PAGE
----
3. The method according to claim 2, the method further including: displaying at least one of the acoustic field or the further acoustic field.

4. The method according to claim 1, wherein the interference pattern indicates a boundary between the region of the first fluid and the second fluid.

5. The method according to claim 1, wherein the acoustic field is determined in three-dimensions.

6. The method according to claim 1, wherein the first fluid includes at least one of an internal wave, a temperature front or an oceanographic feature with a sound speed different from a sound speed of the second fluid.

7. The method according to claim 1, wherein the generating of the sound speed profile includes: determining a first sound speed profile representing the region of the first fluid based on a physical characteristic of the first fluid; determining a second sound speed profile representing the second fluid based on a physical characteristic of the second fluid; and combining the first sound speed profile and the second sound speed profile to form the sound speed profile of the acoustic waveguide.

8. The method according to claim 7, wherein the physical characteristic of each of the first fluid and the second fluid includes at least one of a salinity, a viscosity or a temperature.

9. The method according to claim 1, the method further comprising: generating a three-dimensional (3D) fluid calculation model of the acoustic waveguide based on at least one of the first fluid, the second fluid, the sound source or the receiver, the 3D fluid calculation model being used to generate the sound speed profile of the acoustic waveguide.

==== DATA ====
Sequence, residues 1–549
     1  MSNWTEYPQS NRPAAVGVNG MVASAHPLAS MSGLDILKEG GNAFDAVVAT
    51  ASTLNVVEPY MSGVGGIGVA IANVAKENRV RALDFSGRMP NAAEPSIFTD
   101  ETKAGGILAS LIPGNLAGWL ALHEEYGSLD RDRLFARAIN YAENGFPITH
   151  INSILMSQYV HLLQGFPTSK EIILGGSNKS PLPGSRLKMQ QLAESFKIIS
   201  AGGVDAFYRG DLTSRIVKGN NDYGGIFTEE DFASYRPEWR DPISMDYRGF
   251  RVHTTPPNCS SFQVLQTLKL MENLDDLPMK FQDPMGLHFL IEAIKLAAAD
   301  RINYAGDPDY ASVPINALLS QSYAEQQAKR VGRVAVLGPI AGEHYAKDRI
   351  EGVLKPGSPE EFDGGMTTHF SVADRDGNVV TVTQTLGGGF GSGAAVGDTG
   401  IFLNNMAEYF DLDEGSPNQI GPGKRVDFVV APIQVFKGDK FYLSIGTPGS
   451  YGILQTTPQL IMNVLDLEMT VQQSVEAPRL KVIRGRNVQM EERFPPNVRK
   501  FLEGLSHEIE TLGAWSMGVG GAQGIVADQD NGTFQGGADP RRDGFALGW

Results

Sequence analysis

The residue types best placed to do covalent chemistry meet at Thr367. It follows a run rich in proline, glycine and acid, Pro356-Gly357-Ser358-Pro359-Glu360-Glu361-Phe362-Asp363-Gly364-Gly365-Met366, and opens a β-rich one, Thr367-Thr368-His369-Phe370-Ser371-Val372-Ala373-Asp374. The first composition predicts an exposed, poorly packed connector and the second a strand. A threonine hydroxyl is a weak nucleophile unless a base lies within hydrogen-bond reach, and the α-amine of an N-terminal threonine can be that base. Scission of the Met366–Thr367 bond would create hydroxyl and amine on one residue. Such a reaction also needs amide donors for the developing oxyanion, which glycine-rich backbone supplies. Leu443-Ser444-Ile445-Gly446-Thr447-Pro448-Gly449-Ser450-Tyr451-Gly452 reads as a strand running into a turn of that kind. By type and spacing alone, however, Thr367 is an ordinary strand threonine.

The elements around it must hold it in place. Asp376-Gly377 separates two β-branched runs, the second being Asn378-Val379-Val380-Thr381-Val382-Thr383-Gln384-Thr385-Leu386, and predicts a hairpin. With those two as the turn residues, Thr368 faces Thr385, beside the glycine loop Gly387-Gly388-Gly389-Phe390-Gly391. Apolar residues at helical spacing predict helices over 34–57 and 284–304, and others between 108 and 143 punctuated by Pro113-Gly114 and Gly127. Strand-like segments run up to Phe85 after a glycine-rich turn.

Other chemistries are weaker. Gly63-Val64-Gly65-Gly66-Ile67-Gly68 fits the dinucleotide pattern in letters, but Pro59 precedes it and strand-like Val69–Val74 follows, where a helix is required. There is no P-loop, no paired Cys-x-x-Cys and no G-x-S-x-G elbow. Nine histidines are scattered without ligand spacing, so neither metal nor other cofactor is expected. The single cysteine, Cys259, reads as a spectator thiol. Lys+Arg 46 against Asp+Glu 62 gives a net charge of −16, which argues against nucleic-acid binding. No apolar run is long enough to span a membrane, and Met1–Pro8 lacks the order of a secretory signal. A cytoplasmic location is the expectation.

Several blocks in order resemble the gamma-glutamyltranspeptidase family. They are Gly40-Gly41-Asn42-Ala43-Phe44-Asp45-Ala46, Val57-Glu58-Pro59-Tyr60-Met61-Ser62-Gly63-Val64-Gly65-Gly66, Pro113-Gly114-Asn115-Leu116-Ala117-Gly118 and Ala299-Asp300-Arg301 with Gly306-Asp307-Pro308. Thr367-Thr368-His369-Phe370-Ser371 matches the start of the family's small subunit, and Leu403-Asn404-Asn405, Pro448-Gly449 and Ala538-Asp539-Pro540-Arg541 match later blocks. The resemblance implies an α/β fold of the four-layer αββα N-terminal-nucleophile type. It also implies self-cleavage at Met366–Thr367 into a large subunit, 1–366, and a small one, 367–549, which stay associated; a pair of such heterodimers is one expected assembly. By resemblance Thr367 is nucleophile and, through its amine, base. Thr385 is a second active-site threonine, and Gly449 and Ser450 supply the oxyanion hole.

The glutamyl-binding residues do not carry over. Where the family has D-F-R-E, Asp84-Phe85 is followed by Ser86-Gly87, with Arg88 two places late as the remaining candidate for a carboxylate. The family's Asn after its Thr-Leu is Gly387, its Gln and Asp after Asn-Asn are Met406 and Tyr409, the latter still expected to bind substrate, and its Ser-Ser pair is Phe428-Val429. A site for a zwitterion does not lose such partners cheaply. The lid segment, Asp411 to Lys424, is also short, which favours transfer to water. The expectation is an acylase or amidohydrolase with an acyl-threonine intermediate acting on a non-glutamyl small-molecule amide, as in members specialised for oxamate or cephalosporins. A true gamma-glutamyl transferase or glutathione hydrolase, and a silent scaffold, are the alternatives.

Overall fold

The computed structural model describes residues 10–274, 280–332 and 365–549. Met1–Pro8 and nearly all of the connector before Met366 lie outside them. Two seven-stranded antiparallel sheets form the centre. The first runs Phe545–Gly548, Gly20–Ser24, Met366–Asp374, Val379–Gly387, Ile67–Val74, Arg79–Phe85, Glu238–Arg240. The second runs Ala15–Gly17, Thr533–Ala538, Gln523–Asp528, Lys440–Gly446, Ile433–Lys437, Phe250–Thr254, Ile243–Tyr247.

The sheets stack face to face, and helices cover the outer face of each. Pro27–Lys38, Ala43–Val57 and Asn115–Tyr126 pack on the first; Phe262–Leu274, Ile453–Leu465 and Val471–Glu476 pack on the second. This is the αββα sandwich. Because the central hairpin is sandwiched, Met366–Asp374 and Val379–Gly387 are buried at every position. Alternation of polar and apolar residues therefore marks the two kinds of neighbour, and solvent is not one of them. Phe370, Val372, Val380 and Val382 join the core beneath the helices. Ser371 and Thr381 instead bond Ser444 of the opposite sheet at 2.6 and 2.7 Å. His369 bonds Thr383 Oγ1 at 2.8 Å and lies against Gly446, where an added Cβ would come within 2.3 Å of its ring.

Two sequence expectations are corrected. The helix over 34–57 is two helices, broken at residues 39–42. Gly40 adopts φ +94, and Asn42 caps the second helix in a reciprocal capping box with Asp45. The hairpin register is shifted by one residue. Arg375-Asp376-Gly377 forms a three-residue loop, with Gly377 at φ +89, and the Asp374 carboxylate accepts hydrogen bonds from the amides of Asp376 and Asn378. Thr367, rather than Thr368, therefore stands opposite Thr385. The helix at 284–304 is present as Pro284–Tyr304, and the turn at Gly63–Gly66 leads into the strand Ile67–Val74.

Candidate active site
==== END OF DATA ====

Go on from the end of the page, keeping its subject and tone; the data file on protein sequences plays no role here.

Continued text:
10. The method according to claim 9, wherein the 3D fluid calculation model uses a regional ocean model system (ROMS) to model the second fluid and a Lagrangian method to model the region of the first fluid.

11. The method according to claim 1, the method comprising, prior to generating the sound speed profile, modeling a boundary between the region of the first fluid and the second fluid.

12. The method according to claim 1, wherein the PE model includes at least one of a parallelized three-dimensional (3D) PE model or a two-way PE model.

13. A simulator for simulating an acoustic field of an acoustic waveguide comprising: a memory; a sound speed profile generator, including a processor configured by functions stored in the memory, configured to generate a sound speed profile of the acoustic waveguide, the acoustic waveguide having a region of a first fluid within a second fluid, the region of the first fluid including a volume of the first fluid, the first fluid having a different acoustic index of refraction than the second fluid; and an acoustic field generator, including the processor, configured to: apply the sound speed profile and predetermined parameters of a sound source and a receiver to a parabolic equation (PE) model of sound propagation in the acoustic waveguide, and determine the acoustic field of the acoustic waveguide from the PE model, such that the acoustic field includes an interference pattern from interference between an acoustic signal of the acoustic source and at least one signal refracted by the region of the first fluid.